One of my own traditions in the post-Christmas-blob-on-the-couch time is to re-read a couple of old favourites. Among the books I revisited this year was T.S. Eliot’s “Old Possum’s Book of Practical Cats” which formed the inspiration for the musical “Cats”. Re-discovering old friends in that set of poems got me to thinking about the Sanctuary cats, and whether I could find any of them among Mr Eliot’s collection.
Ollie is definitely a Rum-Tum-Tugger. He’s a sweet boy, but (like so many cats) he has his own agenda, and we shrug and work around it. The double-wide laundry room had, for a while, a set of steps in place for our dear departed Deety to reach his favourite shelf. This sign tells you why the steps are no longer there!
Ollie is happiest up high. He vies with other cats for the favourite place on top of the canned food cupboard in the double-wide, and when that’s unavailable, he worms himself onto a shelf in the Newcomers area. He quite likes people – but he likes his own company even better.
The Rum-Tum-Tugger is a curious cat
and there isn’t any need for me to spout it.
For he WILL do as he DO do,
and there’s no doing anything about it!
I have a gumby cat in mind – her name is JennyAnyDots
her coat is of the tabby kind, with tiger stripes and leopard spots
Cats are, of course, known for sleeping large parts of their days away, and Eva is no exception to this…
she sits and sits and sits and sits…
and that’s what makes a gumby cat!
She’s actually a pretty people-social cat, and enjoys having a visitor to sit on. If you smell right, she gets up high on your chest and nuzzles into your hair.
We don’t know much about Eva’s nighttime life in Old Aids, but I can imagine that, like JennyAnyDots, she would become a bossy-boots and organise the other cats once we’re safely out of the way.
Sweet Santos is a fixture on one of the single-wide chairs (unless he asking to be lifted up for cuddles). Santos and his brother Debo came to us when their owner went into care; they’re both elderly, and not likely adoption prospects. Santos has some health concerns, which for me connects him to Gus the Theatre Cat.
His coat’s very shabby, he’s thin as a rake,
And he suffers from palsy that makes his paw shake.
Santos is often found sitting with a faraway look in his eyes – it’s not hard to imagine that he might be thinking of his past, and like Gus, remembering when he played the part of Firefrorefiddle, the Fiend of the Fell.
Bustopher Jones is not skin and bones,
in fact, he’s remarkably fat…
We have any number of handsome tuxedo cats who might model for “Bustopher Jones, the cat about town” – but our most “remarkably fat” one is female.
Fat Lucy is a back courtyard cat, and the sister of front-courtyard Spencer (who is brownish rather than black). But she hardly has Bustopher Jones’s elegance, and except for weight, I would take handsome Tugboat as my model for the TS Eliot cat.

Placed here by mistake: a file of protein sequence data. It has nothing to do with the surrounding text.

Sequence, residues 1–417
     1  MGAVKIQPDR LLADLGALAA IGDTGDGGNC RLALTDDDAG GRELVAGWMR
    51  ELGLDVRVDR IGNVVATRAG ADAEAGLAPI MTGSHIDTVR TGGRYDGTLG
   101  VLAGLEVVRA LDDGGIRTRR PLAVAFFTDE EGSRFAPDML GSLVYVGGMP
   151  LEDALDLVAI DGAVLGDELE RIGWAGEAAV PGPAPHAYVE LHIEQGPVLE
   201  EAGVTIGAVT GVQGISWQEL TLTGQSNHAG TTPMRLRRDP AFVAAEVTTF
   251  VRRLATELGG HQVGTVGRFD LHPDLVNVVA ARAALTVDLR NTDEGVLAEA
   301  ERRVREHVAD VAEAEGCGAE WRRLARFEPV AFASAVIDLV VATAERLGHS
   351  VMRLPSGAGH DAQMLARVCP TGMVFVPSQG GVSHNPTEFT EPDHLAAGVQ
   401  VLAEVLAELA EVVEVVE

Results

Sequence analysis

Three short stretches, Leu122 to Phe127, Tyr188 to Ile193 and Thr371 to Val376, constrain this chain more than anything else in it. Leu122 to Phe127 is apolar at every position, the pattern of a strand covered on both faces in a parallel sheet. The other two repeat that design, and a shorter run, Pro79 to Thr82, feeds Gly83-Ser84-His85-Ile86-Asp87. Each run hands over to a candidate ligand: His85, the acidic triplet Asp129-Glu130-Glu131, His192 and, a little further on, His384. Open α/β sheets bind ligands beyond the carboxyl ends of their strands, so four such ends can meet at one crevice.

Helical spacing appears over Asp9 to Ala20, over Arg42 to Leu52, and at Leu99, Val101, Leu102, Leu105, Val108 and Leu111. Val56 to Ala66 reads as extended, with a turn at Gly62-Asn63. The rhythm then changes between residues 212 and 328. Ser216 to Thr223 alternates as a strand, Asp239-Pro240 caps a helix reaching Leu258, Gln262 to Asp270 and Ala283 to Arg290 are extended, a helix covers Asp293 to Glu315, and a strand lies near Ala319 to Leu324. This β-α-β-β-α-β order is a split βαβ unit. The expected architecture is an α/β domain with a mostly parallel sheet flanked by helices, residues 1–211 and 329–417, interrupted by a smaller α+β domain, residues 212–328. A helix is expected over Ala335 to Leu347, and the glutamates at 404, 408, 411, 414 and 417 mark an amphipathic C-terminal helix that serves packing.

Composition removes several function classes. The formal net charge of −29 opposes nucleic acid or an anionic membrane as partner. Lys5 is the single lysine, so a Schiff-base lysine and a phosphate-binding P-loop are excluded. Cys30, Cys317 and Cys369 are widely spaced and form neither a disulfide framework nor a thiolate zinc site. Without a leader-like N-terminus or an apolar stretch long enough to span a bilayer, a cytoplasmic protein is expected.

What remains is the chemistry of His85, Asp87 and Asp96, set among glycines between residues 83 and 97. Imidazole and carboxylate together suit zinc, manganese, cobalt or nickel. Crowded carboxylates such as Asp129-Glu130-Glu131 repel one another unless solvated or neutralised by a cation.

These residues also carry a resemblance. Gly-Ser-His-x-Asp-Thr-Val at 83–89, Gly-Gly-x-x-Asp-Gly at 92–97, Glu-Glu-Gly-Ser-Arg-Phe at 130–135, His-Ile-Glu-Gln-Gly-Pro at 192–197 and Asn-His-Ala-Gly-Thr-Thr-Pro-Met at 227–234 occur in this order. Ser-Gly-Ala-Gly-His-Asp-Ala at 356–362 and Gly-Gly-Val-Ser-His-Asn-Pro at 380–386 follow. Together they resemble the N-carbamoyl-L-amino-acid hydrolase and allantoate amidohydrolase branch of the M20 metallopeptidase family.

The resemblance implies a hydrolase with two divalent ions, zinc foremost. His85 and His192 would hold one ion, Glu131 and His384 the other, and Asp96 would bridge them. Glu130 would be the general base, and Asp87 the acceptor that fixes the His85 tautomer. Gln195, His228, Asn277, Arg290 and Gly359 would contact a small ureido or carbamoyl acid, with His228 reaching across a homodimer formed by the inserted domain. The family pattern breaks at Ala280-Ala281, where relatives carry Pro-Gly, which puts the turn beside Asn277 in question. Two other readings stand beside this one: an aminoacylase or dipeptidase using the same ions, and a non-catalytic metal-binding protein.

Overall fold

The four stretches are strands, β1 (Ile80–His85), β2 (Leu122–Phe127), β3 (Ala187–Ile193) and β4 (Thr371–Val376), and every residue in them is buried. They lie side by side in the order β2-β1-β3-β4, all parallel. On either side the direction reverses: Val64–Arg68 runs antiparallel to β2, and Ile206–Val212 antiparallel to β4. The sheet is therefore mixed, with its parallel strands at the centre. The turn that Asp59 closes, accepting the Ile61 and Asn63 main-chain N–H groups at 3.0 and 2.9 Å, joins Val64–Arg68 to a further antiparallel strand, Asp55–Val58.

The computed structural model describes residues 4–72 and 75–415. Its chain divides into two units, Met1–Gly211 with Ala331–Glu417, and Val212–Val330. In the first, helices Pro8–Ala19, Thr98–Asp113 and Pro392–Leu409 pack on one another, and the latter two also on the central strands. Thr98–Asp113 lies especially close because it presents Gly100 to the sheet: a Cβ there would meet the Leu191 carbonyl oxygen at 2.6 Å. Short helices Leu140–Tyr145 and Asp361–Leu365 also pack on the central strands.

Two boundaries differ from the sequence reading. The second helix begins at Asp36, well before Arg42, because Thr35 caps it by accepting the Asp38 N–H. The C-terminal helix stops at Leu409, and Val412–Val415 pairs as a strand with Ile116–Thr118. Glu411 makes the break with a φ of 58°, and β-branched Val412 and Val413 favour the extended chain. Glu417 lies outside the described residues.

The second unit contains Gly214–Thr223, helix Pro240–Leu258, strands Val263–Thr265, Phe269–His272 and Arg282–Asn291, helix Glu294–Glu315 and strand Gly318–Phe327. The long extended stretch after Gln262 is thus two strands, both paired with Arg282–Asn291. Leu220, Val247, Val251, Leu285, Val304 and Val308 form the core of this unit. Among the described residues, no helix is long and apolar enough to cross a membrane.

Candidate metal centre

Ninja is one of the sweetest of our black cats, and about as far as it’s possible to be from “a fiend in feline form”. But he has one outstanding characteristic in common with Macavity, in his genius for being “not there” when you want him. He’s a cat that loves to be on the other side of a gate, and hovers anxiously when I need access to feral pens 3 and 4. A quick look around – no Ninja – I open the gate and a black blur streaks past my ankles.
It’s no good chasing after him – though entirely ready to be picked up, he would much prefer to find somewhere inaccessible until he feels forgotten. Then he’ll come and hover round the gate, letting the world know that he was unwillingly trapped in a strange place.
If you’ve seen “Cats” you’ll know that the Jellicle cats come in a variety of coats and colours. But Eliot’s original Jellicle Cats are black and white, and rather small, and tend to be nocturnal in nature, as they wait for the Jellicle Ball. We’ve recently had several new small black cats join the feral corner in the front courtyard – Beetle, Frisky, Reefer, Cyrano – and they all qualify as shy, preferring to appear in the evening rather than through the day.
But my model Jellicle has come to us from a Sunshine Coast shelter, and though starting as a classic shy evening cat, is now becoming more social and starting to interact with humans as well as other cats. Figaro should have his own blog entry at some time, but he’s a cat to watch – both in his delight in play with a pingpong ball or an interactive toy, and in his enjoyment in socializing with other cats.